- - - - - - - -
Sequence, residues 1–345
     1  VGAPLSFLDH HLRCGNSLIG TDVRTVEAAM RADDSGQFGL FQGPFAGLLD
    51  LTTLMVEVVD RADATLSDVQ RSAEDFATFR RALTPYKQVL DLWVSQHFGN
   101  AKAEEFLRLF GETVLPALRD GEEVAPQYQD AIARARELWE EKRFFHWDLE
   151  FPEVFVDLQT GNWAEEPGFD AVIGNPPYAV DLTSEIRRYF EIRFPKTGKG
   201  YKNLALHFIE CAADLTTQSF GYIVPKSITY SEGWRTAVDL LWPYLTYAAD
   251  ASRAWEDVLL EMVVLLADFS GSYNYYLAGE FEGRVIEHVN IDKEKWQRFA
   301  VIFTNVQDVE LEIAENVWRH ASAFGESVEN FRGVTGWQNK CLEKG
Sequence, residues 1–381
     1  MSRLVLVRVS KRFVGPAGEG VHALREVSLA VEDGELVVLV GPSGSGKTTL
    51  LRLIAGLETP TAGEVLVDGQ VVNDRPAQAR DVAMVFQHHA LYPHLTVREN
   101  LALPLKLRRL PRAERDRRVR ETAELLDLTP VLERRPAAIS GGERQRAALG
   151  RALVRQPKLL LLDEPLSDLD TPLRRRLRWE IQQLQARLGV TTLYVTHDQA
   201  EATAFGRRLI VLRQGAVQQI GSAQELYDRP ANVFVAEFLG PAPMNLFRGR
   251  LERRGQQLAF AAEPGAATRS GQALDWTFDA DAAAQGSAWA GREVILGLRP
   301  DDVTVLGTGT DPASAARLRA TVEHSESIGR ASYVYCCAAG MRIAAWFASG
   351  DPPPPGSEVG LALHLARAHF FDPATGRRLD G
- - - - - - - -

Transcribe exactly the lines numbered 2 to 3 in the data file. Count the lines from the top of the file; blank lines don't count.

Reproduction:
     1  VGAPLSFLDH HLRCGNSLIG TDVRTVEAAM RADDSGQFGL FQGPFAGLLD
    51  LTTLMVEVVD RADATLSDVQ RSAEDFATFR RALTPYKQVL DLWVSQHFGN